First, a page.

Previous studies using Scnn1b transgenic (Scnn1b-Tg+) mice, which model muco-obstructive airway diseases such as cystic fibrosis, have highlighted the negative effects of short term secondhand smoke (SHS) exposure on these diseases. However, the specific effects of SHS exposure on initiation and progression of muco-obstructive lung diseases remain unclear. In this issue, Lewis et al. (p. 1170) began exposing Scnn1b-Tg+ mice to SHS (SHS-Tg+) on postnatal day (PND) 3 and showed that when compared with Scnn1b-Tg+ mice exposed to filtered air (FA-Tg+), SHS exposure suppressed recruitment of neutrophils, eosinophils, and lymphocytes to the airspaces at PND22. This was likely due to significant reductions of MCP-1, eotaxin, and IL-5 observed in the bronchoalveolar lavage fluid (BALF) of SHS-Tg+ mice when compared with FA-Tg+ controls. Additionally, SHS-Tg+ mice showed diminished IgA levels in the BALF and were unable to clear spontaneous bacterial infections, which FA-Tg+ mice were able to resolve by PND22. SHS-Tg+ mice also showed significant reductions in mucous cell metaplasia and mucus obstruction, which are pathological features of the Scnn1b-Tg+ mouse model, and these changes were attributed to a reduced Th2 environment in the lungs as indicated by decreased levels of IL-5, IL-4, and IL-13 in the BALF and a downregulation of Th2/mucous cell metaplasia-related genes. This suppression of Th2 responses in SHS-Tg+ mice was associated with reduced production of IL-33, a known stimulator of type II innate lymphoid cells, by alveolar epithelial cells and alveolar macrophages. Finally, cessation of SHS exposure for 21 d restored suppressed responses, but SHS-Tg+ mice continued to exhibit an exaggerated degree of airway inflammation, epithelial necrosis, parenchymal consolidation, and lymphoid hyperplasia when compared with FA-Tg+ mice. Collectively, these data demonstrate that early exposure to SHS of individuals with muco-obstructive lung diseases may predispose them to lung bacterial infections due to reduced IL-33–dependent neutrophil recruitment and diminished Th2 responses. Although these effects may be reversed upon cessation of SHS exposure, SHS-exposed muco-obstructive lungs may exhibit exaggerated pathological alterations which can have long-term consequences in later life.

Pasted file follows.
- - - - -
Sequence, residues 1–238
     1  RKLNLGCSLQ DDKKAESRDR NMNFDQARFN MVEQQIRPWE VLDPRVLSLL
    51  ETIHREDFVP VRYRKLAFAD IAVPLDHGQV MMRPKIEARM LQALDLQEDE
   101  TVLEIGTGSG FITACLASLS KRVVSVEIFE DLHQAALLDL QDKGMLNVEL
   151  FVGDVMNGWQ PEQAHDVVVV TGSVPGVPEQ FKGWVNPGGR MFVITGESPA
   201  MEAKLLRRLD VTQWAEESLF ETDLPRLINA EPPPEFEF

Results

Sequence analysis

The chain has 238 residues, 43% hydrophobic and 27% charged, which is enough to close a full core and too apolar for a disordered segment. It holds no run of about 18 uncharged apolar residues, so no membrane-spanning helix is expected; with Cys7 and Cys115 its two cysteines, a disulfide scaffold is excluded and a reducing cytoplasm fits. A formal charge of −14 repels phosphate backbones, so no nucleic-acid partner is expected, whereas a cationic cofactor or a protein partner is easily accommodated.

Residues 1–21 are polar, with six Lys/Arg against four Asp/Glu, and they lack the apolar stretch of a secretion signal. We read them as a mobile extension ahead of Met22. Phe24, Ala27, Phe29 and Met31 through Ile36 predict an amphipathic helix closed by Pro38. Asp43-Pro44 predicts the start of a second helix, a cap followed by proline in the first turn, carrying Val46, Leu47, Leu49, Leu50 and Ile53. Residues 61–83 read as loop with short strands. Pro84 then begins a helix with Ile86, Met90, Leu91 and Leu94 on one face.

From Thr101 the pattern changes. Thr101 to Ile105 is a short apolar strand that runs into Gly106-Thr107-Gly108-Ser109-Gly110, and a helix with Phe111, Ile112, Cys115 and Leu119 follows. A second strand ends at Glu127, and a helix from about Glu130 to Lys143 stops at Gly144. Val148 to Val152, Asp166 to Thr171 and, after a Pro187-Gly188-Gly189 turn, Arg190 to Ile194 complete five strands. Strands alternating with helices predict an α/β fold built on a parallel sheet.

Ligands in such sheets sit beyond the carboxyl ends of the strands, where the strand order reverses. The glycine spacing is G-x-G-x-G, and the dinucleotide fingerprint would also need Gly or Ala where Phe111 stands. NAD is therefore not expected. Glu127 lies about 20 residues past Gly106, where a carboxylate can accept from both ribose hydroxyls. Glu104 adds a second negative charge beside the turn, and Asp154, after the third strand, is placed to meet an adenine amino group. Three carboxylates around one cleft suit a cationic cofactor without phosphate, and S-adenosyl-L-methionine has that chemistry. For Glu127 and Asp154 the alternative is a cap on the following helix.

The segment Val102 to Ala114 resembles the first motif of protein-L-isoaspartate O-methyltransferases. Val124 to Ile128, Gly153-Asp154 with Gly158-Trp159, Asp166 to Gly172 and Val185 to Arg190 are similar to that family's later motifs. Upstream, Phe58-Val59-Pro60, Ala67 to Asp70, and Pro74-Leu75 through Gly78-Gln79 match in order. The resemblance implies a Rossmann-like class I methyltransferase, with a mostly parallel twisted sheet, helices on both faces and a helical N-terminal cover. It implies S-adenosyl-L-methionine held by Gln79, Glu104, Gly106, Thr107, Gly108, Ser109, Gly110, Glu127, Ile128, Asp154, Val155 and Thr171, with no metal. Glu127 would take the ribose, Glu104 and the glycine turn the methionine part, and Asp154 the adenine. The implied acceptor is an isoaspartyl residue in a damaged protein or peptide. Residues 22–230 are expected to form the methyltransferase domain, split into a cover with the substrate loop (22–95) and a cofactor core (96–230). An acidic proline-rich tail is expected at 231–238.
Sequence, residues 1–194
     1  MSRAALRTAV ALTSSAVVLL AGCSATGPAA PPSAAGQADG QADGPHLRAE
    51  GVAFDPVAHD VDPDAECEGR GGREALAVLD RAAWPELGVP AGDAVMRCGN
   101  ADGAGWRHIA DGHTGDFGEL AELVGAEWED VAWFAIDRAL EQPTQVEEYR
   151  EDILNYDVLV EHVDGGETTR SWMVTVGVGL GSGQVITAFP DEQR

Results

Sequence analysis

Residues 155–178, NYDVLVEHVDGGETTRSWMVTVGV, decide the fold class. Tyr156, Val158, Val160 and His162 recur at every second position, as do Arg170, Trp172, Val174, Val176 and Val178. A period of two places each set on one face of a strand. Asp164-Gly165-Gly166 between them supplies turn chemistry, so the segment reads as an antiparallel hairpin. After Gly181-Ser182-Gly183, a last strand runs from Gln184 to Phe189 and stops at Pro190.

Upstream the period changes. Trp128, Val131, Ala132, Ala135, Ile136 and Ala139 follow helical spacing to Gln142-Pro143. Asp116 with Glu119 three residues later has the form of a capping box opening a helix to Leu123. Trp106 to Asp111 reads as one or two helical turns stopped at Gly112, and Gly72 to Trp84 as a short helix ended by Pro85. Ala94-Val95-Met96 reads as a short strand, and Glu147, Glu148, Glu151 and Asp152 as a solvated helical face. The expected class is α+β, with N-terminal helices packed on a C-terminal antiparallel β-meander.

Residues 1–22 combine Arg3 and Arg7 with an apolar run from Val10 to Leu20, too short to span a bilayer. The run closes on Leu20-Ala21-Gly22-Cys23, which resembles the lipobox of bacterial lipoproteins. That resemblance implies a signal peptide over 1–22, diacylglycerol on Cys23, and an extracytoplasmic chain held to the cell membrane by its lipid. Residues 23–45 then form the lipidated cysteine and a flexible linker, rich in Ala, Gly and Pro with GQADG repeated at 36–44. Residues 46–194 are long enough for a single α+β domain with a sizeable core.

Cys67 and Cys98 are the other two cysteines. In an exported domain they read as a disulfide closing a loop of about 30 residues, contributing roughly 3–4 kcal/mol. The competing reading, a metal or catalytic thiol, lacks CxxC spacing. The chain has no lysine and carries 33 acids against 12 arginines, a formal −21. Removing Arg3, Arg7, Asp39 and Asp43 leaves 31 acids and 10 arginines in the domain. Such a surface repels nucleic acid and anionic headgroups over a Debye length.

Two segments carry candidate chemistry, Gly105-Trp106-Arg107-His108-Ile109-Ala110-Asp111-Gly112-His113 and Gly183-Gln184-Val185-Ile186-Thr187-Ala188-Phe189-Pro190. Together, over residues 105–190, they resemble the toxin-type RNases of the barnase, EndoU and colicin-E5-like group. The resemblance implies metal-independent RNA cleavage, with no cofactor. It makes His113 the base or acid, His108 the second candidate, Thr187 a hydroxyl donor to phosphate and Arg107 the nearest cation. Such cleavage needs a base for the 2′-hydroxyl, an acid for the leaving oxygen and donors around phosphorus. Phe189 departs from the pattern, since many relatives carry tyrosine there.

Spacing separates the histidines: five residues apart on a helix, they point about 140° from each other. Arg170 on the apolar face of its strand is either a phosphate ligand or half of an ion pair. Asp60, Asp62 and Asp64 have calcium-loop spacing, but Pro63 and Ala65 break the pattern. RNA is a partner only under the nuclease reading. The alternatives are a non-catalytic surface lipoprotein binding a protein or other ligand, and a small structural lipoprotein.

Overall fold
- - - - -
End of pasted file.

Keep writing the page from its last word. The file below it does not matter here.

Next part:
Despite their clinical potential, widespread application of antitumor therapies such as CTLA-4 and PD-1 blockade has been hindered by potentially lethal off target autoimmune side effects. These antitumor therapies can block T regulatory cell (Treg) function, and previous studies demonstrated that blockade of OX40 and CD30 costimulatory signals abolished CD4+ T cell-driven autoimmunity in Foxp3-deficient mice, suggesting that this double blockade could also be efficacious in the context of tumor therapy. In this issue, Nawaf et al. (p. 974) investigated whether ablation of OX40/CD30 signals could attenuate CD4+ T cell–driven autoimmunity associated with anti–CTLA-4/anti–PD-1 immunotherapy while preserving antitumor immunity. When compared with wild-type (WT) or OX40/CD30-deficient tumor bearing controls, mice deficient in Foxp3, OX40, and CD30 (triple knockout mice [tKO]) demonstrated significantly reduced tumor growth following implantation of melanoma tumor cells, which correlated with increased CD8+ and decreased CD4+ tumor-infiltrating cells. Additionally, CD8+ tumor-infiltrating cells in tKO mice showed significant upregulation of inhibitory receptors PD-1 and CTLA-4, and depletion of CD8+ T cells in tKO mice led to rapid growth of tumors when compared with controls. Administration to tumor-bearing WT mice of blocking Abs to CTLA-4 and PD-1, either alone or in combination, slowed tumor growth but resulted in significant off target liver immunopathology when compared with control-Ab treated mice. Addition of OX40L or CD30L blocking Abs to CTLA-4/PD-1 blockade did not enhance the ability of CTLA-4/PD-1 blockade to control tumor growth but instead resulted in a higher proportion of CD8+ than CD4+ T cells infiltrating tumors and significantly reduced liver pathology. Therefore, this study demonstrates that blockade of OX40 and/or CD30 signals may be an effective way to reduce CD4+ T cell–driven toxicity associated with CTLA-4 and PD-1 blockade for cancers in which CD8+ T cells are the main effectors of the antitumor response, thereby potentially opening up this therapy to patients with less advanced diseases.